No, unlike the changes for U.S. based members where they need PQMs (Premier Qualifying Miles) and PQDs (Premier Qualifying Dollards) Canadians only require the PQM portion of elite status qualifying. PQM's will still be awarded on a 1:1 basis on your actual flight mileage.

What other changes are happening?
United has also announced some other changes on the redemption side of things although all details are still not out yet:


Want more details on the new MileagePlus program?  Click here to visit United's page for the 2015 MileagePlus program


My thoughts:
This doesn't affect me much as I don't use MileagePlus anymore and I am happy that I made Alaska Airlines Mileage Plan as my primary U.S. carrier program after Aeroplan a little over a year ago. That was not because of this or the past changes to MileagePlus but rather the great one way awards and coverage that Alaska provides out of YYC with their own fights and flights on KLM.

I am keeping my fingers crossed that Aeroplan does not move this direction albeit at 5 miles per dollar Aeroplan members flying on Tango fares may actually earn more miles than they do currently.

What are your thoughts on the changes? Will they be a devaluation for you or will they be a boon? Are you going to stick with MileagePlus or move to another program? I know a lot of you frequent travellers moved to United MileagePlus after the last few years of devaluations to Aeroplan. Will this make you reconsider that move? Who do think will follow suit and be the next to introduce a revenue based program? Let us know by commenting below!

(and to those of who click the link to  the post about Delta's changes will note the extreme similarities between that post and this one, well United made it easy by essentially copying Delta so I copied my old post and updated as required!)

6 comments:

  1. Isn't the only flight out of YYC on Alaska to Seattle?

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  2. Yes but with the SEA connection you can get to most cities in the U.S. plus connect to Emirates or like I mentioned above the KLM flight out YYC (that is my big reason for making Mileage Plan my primary US based program)

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  3. Fair enough, I do more in the US so I looked at United, but they won't status match an existing Star Alliance member.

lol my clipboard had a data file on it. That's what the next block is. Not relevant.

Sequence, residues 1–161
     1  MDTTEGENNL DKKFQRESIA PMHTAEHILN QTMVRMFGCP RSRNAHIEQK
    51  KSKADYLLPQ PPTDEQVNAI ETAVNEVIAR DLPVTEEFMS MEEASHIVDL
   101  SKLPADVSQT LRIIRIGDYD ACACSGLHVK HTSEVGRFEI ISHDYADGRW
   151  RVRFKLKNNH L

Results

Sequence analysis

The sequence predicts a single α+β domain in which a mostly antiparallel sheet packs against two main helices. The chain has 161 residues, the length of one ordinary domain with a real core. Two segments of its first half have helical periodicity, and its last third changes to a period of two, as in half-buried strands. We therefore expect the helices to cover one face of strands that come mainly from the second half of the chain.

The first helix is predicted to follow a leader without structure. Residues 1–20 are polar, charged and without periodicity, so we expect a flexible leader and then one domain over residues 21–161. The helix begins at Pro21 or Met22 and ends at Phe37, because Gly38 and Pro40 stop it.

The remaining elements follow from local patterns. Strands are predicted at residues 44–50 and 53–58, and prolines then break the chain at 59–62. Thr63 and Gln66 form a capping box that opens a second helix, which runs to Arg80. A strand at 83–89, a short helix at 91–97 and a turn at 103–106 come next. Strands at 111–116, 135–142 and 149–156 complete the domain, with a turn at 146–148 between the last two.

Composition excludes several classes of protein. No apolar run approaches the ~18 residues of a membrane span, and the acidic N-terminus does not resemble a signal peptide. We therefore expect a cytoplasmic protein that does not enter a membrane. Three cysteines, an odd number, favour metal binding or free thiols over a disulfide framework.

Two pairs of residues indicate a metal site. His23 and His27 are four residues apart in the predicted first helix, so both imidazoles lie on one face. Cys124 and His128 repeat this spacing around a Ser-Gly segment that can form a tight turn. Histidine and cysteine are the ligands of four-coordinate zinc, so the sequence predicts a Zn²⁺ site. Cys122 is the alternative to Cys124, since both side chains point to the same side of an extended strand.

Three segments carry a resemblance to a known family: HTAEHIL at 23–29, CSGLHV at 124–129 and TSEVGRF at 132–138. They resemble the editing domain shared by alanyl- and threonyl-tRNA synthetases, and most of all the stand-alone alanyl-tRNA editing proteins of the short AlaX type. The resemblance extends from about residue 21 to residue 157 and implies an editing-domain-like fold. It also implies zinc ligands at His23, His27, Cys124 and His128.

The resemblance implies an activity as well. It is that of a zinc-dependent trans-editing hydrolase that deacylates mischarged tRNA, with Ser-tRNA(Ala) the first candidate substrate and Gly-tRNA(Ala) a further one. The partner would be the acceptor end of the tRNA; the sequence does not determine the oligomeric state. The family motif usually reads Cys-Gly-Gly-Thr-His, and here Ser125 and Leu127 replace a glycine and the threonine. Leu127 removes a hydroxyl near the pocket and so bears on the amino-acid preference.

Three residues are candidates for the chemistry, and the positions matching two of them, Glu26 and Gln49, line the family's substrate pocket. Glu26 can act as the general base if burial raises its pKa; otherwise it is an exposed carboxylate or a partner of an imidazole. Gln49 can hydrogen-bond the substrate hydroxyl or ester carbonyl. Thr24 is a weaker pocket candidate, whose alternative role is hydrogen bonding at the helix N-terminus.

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  4. I've been digging through the Aeroplan and MileagePlus reward programs and I have to admit to being lost. They certainly don't make it easy to understand. I am based in Vancouver and will be travelling primarily to Asia with the following 4 trips: (Tokyo, Melborne/Auckland, Beijing/Seoul/Taipei, Singapore/Mumbai) as well as a couple trips to the Eastern US and maybe one to Hamburg/Helsinki.

    I have status with KLM since for the past couple of years I have been flying primarily to Amsterdam and Helsinki but that alliance doesn't serve Asia well from YVR so I am looking to make a change to Star Alliance. I am trying to decide whether it makes more sense to go for Aeroplan or MileagePlus. Do you have a recommendation?

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  5. Personally I would probably lean towards Air Canada/Aeroplan. The reason being is that with those 4 Asia Trips (and the others you have planned) you should be able to achieve status in the Air Canada Altitude program. Also you can redeem for flights on United and of course other Star Alliance airlines at better rates than via MileagePlus as MileagePlus just recently hiked up the redemption rates for travel on their partner airlines. United also changed their earn rates for flying on Air Canada and if you are in certain fare classes you'll earn less than with Aeroplan. United will award more on full fare business or economy class. See the charts below.

    Had you asked a few years ago I would have said the opposite. Not to mention it is way easier to earn Aeroplan miles outside of flights than it is MileagePlus miles. Maybe others can chime in as well as to what they think the best option would be!

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  6. Thanks, I definitely appreciate the advice! Going with Air Canada made sense to me since I would likely be flying their metal on my Asia trips but your insight into the benefits of the programs makes the decision easier.